• A maximum amount of computing time has been exceeded.
• The error on the selection subset increases during a number of epochs.

The optimization algorithm determines the way in which the adjustment of the parameters in the neural network takes place. There are many different optimization algorithms, which have a variety of different computation and storage requirements. Moreover, there is not one best suited to all locations. Next, the most used optimization algorithms are described.

The simplest optimization algorithm is gradient descent. With this method, the parameters are updated at each epoch in the direction of the negative gradient of the loss index. $$new\_parameters = parameters \\ - loss\_gradient*learning\_rate$$

The learning rate is usually adjusted at each epoch using line minimization.

In the conjugate gradient algorithm search is performed along conjugate directions, which produces generally faster convergence than gradient descent directions. $$new\_parameters = parameters \\ - conjugate\_gradient·learning\_rate$$

As before, the learning rate is adjusted at each epoch using line minimization.

### Quasi-Newton method (QNM)

The Newton's method uses the Hessian of the loss function, which is a matrix of second derivatives, to calculate the learning direction. Since it uses high order information, the learning direction points to the minimum of the loss function with higher accuracy. The drawback is that calculating the Hessian matrix is very computationally expensive.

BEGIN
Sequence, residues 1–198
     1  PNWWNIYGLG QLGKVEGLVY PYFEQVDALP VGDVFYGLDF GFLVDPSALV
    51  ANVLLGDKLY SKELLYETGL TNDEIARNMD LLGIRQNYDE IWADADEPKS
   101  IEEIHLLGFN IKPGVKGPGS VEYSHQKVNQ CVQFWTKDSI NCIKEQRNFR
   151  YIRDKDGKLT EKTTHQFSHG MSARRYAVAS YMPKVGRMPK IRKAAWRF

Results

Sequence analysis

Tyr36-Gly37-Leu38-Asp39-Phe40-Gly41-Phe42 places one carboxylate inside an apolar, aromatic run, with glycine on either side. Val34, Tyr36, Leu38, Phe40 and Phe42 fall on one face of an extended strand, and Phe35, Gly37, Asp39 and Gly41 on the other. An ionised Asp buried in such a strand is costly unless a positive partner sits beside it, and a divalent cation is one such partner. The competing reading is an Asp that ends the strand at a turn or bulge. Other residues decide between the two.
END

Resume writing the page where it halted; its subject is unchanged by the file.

The quasi-Newton method is based on Newton's method, but does not require calculation of second derivatives. Instead, the quasi-Newton method computes an approximation of the inverse Hessian at each iteration of the algorithm, by only using gradient information. $$new\_parameters = parameters \\ - inverse\_hessian\_approximation·gradient·learning\_rate$$

The learning rate is adjusted here at each epoch using line minimization.

### Levenberg-Marquardt algorithm (LM)

Another training method is the Levenberg-Marquardt algorithm. It is designed to approach second-order training speed without having to compute the Hessian matrix.

The Levenberg-Marquardt algorithm can only be applied when the loss index has the form of a sum of squares (as the sum squared error, the mean squared error or the normalized squared error). It requires to compute the gradient and the Jacobian matrix of the loss index. $$new\_parameters = parameters \\ - Jacobian· gradient·damping\_parameters$$

The stochastic gradient descent has a different nature than the above algorithms. At every epoch, it updates the parameters many times using batchs of data. $$new\_parameters = parameters \\ - batch\_gradient·learning\_rate$$
The Adam algorithm is similar to gradient descent, but implements a more sophisticated method for calculating the training direction which usually produces faster convergence. $$new\_parameters = parameters \\ - batch\_gradient·learning\_rate$$